Arizona Governor Doug Ducey (R) just made headlines for setting a new record of 71 judicial appointments, a milestone that has drawn attention to the Arizona Commission on Appellate Appointments. The Commission is the only check on an Arizona governor’s appellate court appointments, because Arizona lacks confirmation of judicial nominees by the legislature. The force of the Commission’s check depends on the number of nominees the Commission sends the governor. “The more names you [the Commission] give him the more it’s like he can pick whoever he wants,” said former Arizona State University law dean Paul Bender. “The commission is there for a reason, and it’s to narrow down the people so the governor can appoint the best people… When you start sending in five or seven names, that doesn’t work as well anymore.”
When an Arizona appellate court vacancy occurs, Art. 6, Section 37(A) of the Arizona Constitution requires the Commission to “submit to the governor the names of not less than three persons nominated by it to fill such vacancy,” but there is no maximum. In contrast, the constitutional maximum from supreme court nominating commissions is three in Colorado (Art. 6, § 20), Indiana (Art. 7, § 10), Iowa (Art. V, § 15), Missouri (Art. V, § 25(a)), Oklahoma (Art. 3, § 4), and Wyoming (Art. 5, § 4). New York’s Constitution (Art. VI, § 2), does not specify a maximum for its highest court, the Court of Appeals, but its statutory maximum is seven. N.Y. Judiciary Law § 63(2).
Arizona’s legislature plays a role in selecting the Commission. Art. 6, § 36(A) of Arizona’s Constitution states that, the sixteen commission members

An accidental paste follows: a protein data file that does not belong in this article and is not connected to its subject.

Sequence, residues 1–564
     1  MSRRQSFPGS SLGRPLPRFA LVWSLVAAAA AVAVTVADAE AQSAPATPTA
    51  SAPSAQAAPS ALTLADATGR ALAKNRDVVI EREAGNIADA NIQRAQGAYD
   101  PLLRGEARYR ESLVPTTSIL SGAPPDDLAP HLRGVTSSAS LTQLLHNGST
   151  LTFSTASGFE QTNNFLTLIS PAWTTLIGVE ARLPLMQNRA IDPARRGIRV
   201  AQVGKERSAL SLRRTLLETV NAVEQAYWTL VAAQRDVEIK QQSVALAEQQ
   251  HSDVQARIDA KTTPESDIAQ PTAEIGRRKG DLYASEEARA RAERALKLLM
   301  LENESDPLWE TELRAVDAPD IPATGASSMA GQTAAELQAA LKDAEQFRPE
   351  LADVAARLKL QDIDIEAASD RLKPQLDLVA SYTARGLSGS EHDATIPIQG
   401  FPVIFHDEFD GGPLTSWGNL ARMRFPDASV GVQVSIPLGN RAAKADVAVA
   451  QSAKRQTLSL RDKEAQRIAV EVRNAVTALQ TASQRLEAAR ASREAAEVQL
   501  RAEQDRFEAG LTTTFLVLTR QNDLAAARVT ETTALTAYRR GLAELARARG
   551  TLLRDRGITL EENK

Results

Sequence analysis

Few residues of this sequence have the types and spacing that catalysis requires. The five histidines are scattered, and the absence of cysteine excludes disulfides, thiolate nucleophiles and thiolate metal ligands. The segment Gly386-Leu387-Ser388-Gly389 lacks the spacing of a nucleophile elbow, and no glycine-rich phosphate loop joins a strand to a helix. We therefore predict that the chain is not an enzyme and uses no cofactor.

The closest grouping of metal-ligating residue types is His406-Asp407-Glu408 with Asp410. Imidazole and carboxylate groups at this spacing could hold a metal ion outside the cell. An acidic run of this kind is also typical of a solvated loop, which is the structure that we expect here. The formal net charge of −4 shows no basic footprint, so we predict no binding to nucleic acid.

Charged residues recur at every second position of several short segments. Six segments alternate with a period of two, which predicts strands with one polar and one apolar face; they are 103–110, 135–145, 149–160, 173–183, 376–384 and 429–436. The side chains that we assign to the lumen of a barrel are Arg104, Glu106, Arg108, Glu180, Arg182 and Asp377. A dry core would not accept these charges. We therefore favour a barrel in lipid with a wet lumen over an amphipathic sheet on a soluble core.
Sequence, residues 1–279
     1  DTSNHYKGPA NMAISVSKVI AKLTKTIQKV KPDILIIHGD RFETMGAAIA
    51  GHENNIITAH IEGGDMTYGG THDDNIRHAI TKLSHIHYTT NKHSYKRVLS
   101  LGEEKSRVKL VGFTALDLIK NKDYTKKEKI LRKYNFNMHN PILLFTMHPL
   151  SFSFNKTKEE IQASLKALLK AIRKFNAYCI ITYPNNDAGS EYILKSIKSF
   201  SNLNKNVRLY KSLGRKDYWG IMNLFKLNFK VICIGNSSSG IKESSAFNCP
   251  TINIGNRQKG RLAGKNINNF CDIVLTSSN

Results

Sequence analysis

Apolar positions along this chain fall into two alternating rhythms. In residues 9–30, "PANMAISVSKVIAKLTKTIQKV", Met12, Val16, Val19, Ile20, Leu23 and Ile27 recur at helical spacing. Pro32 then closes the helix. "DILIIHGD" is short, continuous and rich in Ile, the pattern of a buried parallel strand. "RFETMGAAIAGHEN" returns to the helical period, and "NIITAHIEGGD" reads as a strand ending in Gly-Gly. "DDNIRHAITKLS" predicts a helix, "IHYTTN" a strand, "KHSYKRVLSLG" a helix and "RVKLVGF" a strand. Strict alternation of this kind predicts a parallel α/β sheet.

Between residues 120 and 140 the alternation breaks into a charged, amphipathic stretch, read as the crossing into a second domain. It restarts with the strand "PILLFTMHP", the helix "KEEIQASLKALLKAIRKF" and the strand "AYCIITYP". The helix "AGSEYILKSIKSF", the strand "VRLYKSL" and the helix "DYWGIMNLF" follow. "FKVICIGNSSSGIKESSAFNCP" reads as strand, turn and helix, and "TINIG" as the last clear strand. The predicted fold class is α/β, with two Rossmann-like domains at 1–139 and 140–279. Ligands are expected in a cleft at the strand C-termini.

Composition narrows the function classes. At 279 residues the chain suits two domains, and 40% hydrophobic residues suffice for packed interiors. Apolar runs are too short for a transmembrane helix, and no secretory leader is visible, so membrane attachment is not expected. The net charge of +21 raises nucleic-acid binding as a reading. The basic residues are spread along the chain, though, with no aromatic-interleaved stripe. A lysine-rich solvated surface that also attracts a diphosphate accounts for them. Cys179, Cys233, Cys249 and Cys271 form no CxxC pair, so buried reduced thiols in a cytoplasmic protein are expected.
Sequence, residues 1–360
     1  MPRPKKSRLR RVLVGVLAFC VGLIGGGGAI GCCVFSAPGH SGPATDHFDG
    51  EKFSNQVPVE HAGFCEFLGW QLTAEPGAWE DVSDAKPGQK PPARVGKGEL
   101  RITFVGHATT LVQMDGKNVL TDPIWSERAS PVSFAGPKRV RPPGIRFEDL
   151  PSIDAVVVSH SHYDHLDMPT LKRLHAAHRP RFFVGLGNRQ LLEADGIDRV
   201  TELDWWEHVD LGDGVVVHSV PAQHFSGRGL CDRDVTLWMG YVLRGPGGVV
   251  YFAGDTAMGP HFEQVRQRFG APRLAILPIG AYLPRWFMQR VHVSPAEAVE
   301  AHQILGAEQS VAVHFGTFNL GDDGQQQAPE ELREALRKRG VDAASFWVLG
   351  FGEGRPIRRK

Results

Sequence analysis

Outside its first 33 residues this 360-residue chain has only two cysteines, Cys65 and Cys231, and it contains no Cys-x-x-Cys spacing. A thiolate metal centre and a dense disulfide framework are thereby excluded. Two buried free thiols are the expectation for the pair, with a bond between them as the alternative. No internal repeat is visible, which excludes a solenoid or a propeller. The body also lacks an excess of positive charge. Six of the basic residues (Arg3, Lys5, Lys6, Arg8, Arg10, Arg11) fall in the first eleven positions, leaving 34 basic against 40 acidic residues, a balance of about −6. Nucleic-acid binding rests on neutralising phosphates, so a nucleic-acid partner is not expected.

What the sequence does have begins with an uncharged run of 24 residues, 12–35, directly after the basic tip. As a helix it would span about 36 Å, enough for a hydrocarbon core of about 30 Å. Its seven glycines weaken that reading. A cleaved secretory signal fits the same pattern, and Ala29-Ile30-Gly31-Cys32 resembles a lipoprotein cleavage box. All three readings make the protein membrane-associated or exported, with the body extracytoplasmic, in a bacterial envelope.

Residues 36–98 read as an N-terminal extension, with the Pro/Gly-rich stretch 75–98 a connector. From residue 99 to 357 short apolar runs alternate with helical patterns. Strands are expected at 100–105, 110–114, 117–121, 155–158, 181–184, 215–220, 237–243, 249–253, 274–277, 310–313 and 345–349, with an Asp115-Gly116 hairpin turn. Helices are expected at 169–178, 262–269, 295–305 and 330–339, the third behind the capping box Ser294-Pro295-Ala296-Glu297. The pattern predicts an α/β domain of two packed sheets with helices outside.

shall be composed of the chief justice of the supreme court, who shall be chairman, five attorney members, who shall be nominated by the board of governors of the state bar of Arizona and appointed by the governor with the advice and consent of the senate in the manner prescribed by law, and ten nonattorney members who shall be appointed by the governor with the advice and consent of the senate in the manner prescribed by law.
The same section continues to say that no more than three lawyer members and five nonlawyer members may be from the same political party. Similar rules of political balance apply to the commission itself. Art. 6, Section 37(A) says that no more than 60% of the nominees submitted to the governor may be of the same political party.
Arizona Gov. Ducey’s second term has seen the commission offer increasingly long lists of nominees. His recent appellate appointment of Cynthia Bailey came from a list of ten candidates, after the Commission only eliminated one applicant. In contrast, the average number of nominees submitted by the Commission in 2017 was six, and Ducey’s predecessor, Gov. Jan Brewer (R), only received lists of three nominees for all her Supreme Court appointments. This shift seems to have occurred after Gov. Ducey appointed five new members to the commission in 2017, leaving the panel with only Republicans and independents. Democrats, like state Sen. Rebecca Rios, argue that these appointments were “blatantly skewed.” She went on to say “[w]hen Gov. (Janet) Napolitano was governor, I think it's important to note that she, in fact, nominated seven Republicans” to the commission.
The governor’s increased freedom from the commission’s large slates manifested in 2019 when Gov. Ducey appointed Supreme Court Justice Bill Montgomery to the bench. After replacing the three retired commissioners who voted against nominating Montgomery earlier that year, the Commission unanimously approved adding his name to the seven-person finalist list in July.
Thanks to Arrian Ebrahimi for research assistance.
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